Shaping the cities of tomorrow – key insights from the World Economic Forum’s Urban Transformation Summit
October 20, 2022
Between 10-12 October, Avison Young’s Chief Economist, Nick Axford, attended the WEF Urban Transformation Summit in Detroit. The three-day meeting bought together leaders from the private sector, different levels of government and major NGOs to discuss how best to drive public-private collaboration in the transformation of urban areas that require investment and regeneration.
While there were many highlights, here Nick shares his views on several overarching themes that ran through the summit.
A session on Capitalising on New Urban Investments emphasised the need for a regional approach – with demands for “radical collaboration” between partners genuinely committed to driving real transformational change in cities rather than delivering one-off projects. This was echoed in the session on Rethinking Public-Private Collaboration in Cities where there was consensus around the need for true community representation and coalitions that take a holistic approach to problem-solving.
Calls for a “systems approach” were also heard in the sessions on Delivering on the Promise of New Infrastructure and Harnessing the Power of Innovation Districts. In both cases there was recognition of the need to balance public vs “capitalist” return on investment, with a focus on creating opportunity rather than simply wealth.
Creating inclusive spaces
Similar themes emerged when Nick sat on the panel discussing Revitalising Post-Industrial Cities, which focussed on the need to deliver a “sense of place” that appeals to all stakeholders in the urban environment. The private sector’s need to generate a viable return must be recognised and respected, but not at the expense of the wider good of the community. Developing tools to monitor well-being, impact and social value is critical to allow such considerations to be balanced with conventional calculations of “ROI”.
The need for an integrated approach cropped up again in the debate around Combatting the Affordability Crisis. The residential market for “full economic participants” (those who are able to rent or buy accommodation on a purely commercial basis) is totally different to the affordable housing market, which addresses problems that can’t be solved by any one company or organisation acting independently. We need to focus on delivering a range of outcomes rather than products and recognise that the need for affordable housing is integrally linked to a wider range of issues including health, economic opportunity and equality which won’t be solved by “bricks & mortar” alone – no matter how it is priced.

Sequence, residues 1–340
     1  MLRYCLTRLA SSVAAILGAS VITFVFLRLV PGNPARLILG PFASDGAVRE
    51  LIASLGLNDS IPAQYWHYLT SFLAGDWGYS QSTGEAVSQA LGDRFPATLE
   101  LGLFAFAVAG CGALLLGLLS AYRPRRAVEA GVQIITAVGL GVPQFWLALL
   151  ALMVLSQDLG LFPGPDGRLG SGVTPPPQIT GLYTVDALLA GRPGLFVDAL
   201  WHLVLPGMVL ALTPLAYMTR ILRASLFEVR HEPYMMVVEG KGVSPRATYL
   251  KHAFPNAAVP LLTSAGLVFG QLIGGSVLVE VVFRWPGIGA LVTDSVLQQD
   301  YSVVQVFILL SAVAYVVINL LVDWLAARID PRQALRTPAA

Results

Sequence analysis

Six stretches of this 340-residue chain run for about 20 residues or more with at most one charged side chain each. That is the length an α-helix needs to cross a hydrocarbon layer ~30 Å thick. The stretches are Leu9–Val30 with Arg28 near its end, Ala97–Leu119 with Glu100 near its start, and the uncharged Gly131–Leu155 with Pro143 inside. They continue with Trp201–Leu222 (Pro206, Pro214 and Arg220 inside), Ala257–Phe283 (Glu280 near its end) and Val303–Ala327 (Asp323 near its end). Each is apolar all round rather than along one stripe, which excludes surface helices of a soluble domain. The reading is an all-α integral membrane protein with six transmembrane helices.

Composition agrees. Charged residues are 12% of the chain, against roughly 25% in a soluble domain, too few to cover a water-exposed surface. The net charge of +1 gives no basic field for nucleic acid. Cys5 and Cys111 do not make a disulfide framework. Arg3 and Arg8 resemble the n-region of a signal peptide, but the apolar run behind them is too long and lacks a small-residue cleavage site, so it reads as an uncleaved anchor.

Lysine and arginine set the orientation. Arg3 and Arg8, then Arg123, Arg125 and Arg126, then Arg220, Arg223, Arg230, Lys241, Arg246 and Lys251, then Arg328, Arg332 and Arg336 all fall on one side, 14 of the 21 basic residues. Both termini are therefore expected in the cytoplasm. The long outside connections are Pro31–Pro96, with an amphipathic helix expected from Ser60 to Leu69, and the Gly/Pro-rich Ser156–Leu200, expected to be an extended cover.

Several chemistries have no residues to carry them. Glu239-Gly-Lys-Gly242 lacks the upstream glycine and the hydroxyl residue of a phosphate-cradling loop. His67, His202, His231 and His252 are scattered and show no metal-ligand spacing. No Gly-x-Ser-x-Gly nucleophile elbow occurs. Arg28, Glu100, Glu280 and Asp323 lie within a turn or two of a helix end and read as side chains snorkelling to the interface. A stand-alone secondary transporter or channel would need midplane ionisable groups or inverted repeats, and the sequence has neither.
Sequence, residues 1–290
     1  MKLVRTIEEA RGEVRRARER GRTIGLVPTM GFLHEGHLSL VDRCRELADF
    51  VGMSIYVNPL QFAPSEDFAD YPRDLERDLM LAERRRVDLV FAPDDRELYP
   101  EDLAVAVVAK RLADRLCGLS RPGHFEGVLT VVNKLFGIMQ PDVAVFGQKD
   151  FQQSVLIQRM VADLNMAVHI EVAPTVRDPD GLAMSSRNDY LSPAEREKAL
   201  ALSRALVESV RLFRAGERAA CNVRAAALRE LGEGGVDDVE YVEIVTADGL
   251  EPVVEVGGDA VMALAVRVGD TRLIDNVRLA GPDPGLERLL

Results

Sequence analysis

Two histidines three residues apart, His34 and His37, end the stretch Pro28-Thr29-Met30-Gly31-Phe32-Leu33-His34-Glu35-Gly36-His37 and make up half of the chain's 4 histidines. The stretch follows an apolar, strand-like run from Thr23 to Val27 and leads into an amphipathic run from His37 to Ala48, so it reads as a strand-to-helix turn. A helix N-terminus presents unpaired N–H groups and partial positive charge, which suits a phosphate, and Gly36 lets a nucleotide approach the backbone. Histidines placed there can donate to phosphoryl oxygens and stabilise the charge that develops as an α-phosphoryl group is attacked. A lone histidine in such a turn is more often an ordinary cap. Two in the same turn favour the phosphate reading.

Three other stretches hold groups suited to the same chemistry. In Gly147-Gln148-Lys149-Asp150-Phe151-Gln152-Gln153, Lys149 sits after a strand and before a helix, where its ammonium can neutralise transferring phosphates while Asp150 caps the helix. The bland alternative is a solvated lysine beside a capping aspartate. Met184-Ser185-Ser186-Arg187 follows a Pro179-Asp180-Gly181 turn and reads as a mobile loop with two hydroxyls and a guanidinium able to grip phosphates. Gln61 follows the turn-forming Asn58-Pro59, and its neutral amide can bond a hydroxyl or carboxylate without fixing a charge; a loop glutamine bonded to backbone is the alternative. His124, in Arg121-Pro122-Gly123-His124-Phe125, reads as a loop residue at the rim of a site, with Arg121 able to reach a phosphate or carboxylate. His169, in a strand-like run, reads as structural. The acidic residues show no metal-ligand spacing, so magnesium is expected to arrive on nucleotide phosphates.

High time for low carbon
The climate crisis and the ongoing impact of the COVID pandemic were recurrent themes running through the summit. The session on Accelerating Sustainable Construction in Cities highlighted the role that technology is playing in developing new materials, but also the potential for some old ones. Use of mass timber is accelerating rapidly, and it’s encouraging to see that carbon is starting to be seen as an asset. Carbon accounting and conventional cost metrics are starting to converge around the same solutions: lowest carbon approaches are often easier, requiring less labour, and are thus less expensive than higher carbon alternatives. This process will be accelerated as both legislation and the sophistication of carbon accounting gathers pace.
Cities that work for workers
The summit ended with a session Nick participated in on Adapting to Hybrid Models of Work. Companies are keen to attract employees back to the office, and there is a lot they can do to improve their corporate workspaces to help achieve this. But it’s not just about the office space – it’s about the wider environment in which it is located. People have a choice about where to work, so cities need to focus on being places where people want to be, which in some cases has become more challenging post-COVID. People want to work in attractive, vibrant, liveable places that deliver a positive overall experience. Cities are perfectly placed to do this but have no automatic right to be the destination of choice for knowledge work and need to consciously focus on delivering the right environment for companies and their employees.
Overall, the collaborative spirit that pervaded the event was noticeable, alongside the desire to understand and tackle the challenges faced by the new generation of public-private partnerships looking to drive urban transformation – an issue which Avison Young is working directly with the WEF to help address.
The keys to success in building a successful coalition were aptly summarised as being:
Vision and ambition
Listening and responsiveness
Contact Nick Axford to find out more about our work with the WEF and how public-private partnerships can transform urban areas.